Channel Modification

Lewis River North Fork, RM 13.5

The project will create and enhance important spawning, rearing, and adult holding habitat for ESA-listed salmonids in the North Fork Lewis River. Connected side-channel habitat and LWD complexity have been reduced in this reach of the Lewis River due to past channel clean-outs, riparian clearing, hydro-regulation, and instream gravel mining. The project will enhance key habitat for ESA-listed salmonids through the construction of a 2,500 foot long side-channel with pool-riffle habitat, LWD placements, and connected off-channel (backwater) habitat.

Chinook River WDFW Conservation and Restoration

Washington Department of Fish and Wildlife began developing a restoration concept for this area in 1997. In 2001, the Columbia Land Trust acquired a large parcel of land, which was transferred to WDFW to become the Chinook unit of the St Johns Wildlife Area. Partial restoration including retrofit of internal tidegates was undertaken from 2005 - 2007. New restoration planning and implementation is being undertaken from 2011 - 2014, including an additional acquisition to the north (Mattson property).

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Rinearson Slough

This project completes a feasibility study to evaluate restoration options along the 5.8 mile Rinearson Slough where salmonid access has been restricted by dikes and impaired by elevated water temperatures, decreased flow, and invasive plant species.  The site is located along the south bank of the lower Columbia River at mile 63 behind a railroad embankment that functions as a dike cutting off the connection to the Columbia.  The floodplain is heavily impacted by residential and agricultural development.  Restoration alternatives being considered include installing a tide ga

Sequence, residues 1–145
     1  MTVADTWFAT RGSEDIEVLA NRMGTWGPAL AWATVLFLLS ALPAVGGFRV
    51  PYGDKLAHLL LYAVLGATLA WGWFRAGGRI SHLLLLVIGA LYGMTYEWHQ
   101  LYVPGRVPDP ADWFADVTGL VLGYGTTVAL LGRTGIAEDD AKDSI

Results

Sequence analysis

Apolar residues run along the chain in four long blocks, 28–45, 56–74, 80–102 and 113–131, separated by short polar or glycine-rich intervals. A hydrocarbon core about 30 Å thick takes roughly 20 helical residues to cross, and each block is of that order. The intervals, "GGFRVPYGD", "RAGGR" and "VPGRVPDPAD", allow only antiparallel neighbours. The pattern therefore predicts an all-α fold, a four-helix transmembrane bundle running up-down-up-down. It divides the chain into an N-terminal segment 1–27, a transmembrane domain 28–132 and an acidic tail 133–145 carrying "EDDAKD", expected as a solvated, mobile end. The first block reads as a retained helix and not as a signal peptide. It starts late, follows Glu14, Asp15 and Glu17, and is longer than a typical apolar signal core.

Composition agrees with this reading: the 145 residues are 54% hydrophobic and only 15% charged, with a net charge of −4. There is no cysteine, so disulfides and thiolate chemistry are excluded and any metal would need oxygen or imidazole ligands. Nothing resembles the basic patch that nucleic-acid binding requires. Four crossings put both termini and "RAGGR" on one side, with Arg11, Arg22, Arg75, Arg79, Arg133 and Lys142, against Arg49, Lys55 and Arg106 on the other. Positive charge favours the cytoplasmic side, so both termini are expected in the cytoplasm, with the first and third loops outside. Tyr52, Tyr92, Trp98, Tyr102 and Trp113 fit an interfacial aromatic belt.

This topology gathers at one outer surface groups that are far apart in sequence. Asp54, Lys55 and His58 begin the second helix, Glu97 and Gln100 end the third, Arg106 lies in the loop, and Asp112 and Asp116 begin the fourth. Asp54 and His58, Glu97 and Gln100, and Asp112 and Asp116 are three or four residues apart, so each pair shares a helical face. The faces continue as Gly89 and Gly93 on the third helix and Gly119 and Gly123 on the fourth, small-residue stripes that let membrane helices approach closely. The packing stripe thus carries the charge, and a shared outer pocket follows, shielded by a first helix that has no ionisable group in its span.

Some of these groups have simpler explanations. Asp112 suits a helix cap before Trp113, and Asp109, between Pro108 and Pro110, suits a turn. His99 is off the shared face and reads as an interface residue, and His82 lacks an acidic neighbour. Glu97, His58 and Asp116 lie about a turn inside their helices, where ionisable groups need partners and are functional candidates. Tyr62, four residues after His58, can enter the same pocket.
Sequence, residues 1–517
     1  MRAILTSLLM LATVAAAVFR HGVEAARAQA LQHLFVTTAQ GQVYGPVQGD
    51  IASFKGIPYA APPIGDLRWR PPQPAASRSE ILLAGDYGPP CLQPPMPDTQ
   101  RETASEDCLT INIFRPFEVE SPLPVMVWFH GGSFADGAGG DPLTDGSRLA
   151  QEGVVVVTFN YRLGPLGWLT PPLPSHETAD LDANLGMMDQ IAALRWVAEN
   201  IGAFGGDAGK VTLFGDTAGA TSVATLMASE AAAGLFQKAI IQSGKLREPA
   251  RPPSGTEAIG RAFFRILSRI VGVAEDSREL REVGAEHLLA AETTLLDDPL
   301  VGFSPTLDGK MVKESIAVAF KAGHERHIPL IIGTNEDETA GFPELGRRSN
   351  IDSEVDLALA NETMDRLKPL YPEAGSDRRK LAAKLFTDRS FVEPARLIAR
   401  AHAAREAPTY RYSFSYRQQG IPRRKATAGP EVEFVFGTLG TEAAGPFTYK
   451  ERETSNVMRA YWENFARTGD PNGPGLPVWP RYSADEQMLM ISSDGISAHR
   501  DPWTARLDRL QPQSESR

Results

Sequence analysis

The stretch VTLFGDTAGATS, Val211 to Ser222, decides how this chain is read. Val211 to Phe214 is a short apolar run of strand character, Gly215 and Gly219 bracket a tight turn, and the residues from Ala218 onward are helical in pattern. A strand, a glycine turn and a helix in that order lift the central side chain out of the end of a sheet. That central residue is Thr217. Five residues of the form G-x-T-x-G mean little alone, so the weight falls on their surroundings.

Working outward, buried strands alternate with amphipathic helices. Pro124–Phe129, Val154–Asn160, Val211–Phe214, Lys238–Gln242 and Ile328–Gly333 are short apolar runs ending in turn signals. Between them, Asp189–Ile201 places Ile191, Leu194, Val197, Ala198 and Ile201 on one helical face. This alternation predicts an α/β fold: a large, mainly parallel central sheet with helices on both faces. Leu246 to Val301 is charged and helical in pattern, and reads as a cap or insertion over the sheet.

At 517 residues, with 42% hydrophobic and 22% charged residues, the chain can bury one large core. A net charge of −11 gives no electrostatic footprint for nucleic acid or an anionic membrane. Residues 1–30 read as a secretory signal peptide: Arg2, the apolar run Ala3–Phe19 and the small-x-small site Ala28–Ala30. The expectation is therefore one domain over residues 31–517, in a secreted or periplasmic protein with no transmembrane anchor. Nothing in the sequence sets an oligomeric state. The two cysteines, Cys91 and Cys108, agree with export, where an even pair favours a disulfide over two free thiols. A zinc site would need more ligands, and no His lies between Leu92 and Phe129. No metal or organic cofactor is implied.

Reach C Westport Slough - Karamanos

This project investigates restoration alternatives for creating off-channel habitat at a 90-acre site near the confluence of Westport Slough and the Columbia River at Columbia River mile 43.  The site has been significantly altered by past dredge fill andagricultural practices that have eliminated the majority of the native plant community and juvenile salmonid habitat.  Restoration approaches include restoring natural site topography, creating a tidal channel network, creating emergent tidal wetland, enhancing existing habitat, and restoring full-site native vegetation. 

Pierce Island Restoration

This project completes a feasibility study to evaluate different restoration actionson the 136-acre island.  The site is located at Columbia River Mile 142 adjacent to the Pierce National Wildlife Refuge.  The island, currently held in conservation, contains important rearing, refugia, and potential chum spawning habitats for Columbia Basin salmonids, and is inundated seasonally during the spring freshet.  The island’s native vegetation includes a Washington State listed endangered species which is threatened by invasive vegetation.

Multnomah & Wahkeena Creeks - Benson Lake

This project improves adult fish passage into the site, hydrologic and geomorphic processes, stream temperatures, water quality and habitat diversity.  Specific actions being considered include placing large wood, riparian planting, culvert improvements, and altering hydrology.  The 50-acre site is located within Benson State Park in the Columbia River Gorge at Columbia River mile 135.5.  The two creeks enter the site, merge and exit to the Columbia through a culvert under Interstate 84.  The site has been degraded by land use activities over the last several decades inc

Dairy Creek 1135 - Sturgeon Lake

This project aims to improve water circulation in Sturgeon Lake.  The improvements to water circulation in Sturgeon Lake will improve access to the lake for juvenile salmon and trout from the Columbia River, providing seasonal over-wintering and rearing habitat.  The project would also reduce the sedimentation occurring in the lake and may enhance water quality by flushing out nutrients and bacteria.